Rachel trudged slowly over to the group of emaciated people standing near the tracks and looked back toward the train. There were still quite a lot of people to get off, and so she allowed herself the chance to stand still and have a good cough. Hard as it may have been to breathe, Rachel knew that if she tried to cough while she was moving, she would probably keel over, so it was a good idea to clear her chest as best as she could while she had the opportunity.

It took another half hour before everyone was off the train, and they had started walking. Dachau, she’d heard the guards say. She supposed that was where they were going. Right now, she didn’t really care, just as long as she could lie down, even if it was in a hard, crowded bunk, with a bunch of skinny, smelly, lice-infested wraiths that were meant to pass as human beings. If she didn’t rest soon, she’d be dead, literally, on her feet, and that was something she couldn’t allow. She’d promised Elly.

Elly. Rachel wondered where she was right now. Still at Sachsenhausen? Or had she been moved too? She wasn’t sure where the Nazi’s could have taken her. There weren’t many camps left still functioning. The kommandant at Auschwitz hadn’t even let them in the gate, telling them that there was no room left, that the chambers and the ovens were working far above capacity and that the Soviets were basically on their doorstep. The long march there that she’d managed to live through had been for nothing. She’d almost given up then. Almost. But then she heard Elly’s voice screaming in her head, promising to survive if she would promise too.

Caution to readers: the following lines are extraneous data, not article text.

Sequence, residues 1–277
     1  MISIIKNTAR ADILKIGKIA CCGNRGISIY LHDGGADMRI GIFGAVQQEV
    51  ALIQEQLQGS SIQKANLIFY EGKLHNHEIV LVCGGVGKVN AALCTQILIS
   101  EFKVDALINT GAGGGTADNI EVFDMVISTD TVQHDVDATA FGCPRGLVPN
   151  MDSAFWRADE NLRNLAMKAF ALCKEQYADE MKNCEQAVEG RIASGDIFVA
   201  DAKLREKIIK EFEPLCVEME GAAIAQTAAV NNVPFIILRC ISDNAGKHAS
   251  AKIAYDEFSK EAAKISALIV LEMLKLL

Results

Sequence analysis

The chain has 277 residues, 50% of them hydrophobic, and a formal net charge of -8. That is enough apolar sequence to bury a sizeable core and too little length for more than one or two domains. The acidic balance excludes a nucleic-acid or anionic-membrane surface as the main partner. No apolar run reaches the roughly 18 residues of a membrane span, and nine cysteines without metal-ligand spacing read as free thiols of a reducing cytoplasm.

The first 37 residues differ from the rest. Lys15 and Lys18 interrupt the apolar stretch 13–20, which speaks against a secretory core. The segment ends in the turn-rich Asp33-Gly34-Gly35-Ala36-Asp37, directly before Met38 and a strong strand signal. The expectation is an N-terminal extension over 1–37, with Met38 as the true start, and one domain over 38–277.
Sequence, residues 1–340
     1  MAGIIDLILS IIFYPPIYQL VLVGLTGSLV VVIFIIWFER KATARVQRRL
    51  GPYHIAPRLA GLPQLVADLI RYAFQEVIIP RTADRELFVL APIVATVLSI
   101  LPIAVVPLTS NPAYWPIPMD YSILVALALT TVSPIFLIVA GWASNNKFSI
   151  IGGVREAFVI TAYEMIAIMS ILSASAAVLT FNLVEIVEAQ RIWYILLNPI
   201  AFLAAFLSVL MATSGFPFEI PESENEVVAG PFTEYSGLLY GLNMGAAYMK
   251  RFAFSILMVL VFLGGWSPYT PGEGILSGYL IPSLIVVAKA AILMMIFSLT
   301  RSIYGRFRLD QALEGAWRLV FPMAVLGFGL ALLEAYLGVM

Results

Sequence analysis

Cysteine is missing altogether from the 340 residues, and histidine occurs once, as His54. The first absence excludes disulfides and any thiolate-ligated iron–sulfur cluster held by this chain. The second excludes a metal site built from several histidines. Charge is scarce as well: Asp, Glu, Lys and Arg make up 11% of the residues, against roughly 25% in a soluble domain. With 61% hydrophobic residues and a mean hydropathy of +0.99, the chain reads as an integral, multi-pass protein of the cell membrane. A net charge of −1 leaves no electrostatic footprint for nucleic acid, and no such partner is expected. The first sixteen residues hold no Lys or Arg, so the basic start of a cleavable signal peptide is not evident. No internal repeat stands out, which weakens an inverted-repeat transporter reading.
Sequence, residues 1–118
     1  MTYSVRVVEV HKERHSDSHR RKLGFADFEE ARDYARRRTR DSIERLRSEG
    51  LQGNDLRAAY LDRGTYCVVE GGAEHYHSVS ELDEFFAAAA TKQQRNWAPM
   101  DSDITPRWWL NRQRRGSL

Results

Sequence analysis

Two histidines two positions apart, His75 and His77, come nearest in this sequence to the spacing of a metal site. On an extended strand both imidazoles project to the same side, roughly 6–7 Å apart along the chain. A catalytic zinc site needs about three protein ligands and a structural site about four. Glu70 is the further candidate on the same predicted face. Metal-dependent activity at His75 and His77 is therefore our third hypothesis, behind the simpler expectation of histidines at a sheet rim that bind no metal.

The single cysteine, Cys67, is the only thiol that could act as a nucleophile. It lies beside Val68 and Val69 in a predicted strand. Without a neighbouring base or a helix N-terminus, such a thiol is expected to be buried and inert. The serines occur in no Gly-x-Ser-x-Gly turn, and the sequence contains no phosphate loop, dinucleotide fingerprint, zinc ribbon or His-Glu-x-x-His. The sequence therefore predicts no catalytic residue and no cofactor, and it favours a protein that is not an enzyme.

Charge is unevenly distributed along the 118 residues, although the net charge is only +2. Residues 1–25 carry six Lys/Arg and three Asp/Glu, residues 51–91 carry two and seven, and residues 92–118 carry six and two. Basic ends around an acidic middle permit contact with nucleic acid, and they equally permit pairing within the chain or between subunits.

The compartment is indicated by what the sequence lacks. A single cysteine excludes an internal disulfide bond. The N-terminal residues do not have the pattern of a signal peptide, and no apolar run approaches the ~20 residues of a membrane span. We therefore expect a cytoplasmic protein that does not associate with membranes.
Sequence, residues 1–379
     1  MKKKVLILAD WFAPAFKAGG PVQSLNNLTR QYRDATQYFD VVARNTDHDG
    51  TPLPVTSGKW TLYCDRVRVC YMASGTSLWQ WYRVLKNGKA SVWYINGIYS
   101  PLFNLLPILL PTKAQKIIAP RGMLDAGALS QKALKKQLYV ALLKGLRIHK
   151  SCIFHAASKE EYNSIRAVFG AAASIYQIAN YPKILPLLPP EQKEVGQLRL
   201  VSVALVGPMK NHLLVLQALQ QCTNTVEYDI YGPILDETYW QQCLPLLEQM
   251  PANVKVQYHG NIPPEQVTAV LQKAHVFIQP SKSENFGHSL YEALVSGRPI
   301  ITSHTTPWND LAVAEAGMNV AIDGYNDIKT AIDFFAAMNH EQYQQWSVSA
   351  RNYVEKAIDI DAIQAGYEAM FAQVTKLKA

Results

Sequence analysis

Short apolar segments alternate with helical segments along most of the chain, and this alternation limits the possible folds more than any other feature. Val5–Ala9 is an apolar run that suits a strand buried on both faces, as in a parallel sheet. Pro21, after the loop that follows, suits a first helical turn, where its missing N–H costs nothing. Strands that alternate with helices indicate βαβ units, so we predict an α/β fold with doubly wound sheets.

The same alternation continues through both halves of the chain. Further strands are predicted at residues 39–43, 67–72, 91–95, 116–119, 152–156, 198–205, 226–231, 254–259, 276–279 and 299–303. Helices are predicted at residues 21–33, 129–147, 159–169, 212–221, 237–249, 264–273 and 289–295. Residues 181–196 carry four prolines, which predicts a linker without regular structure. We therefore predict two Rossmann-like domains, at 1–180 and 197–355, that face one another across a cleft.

"Don’t forget, Rachel! Don’t forget! I’ll be there at the fountain waiting for you, I promise.. you make sure you’re there to meet me too! Swear to me you’ll never give up! Please.. promise me that I’ll see you again .. Rachel!"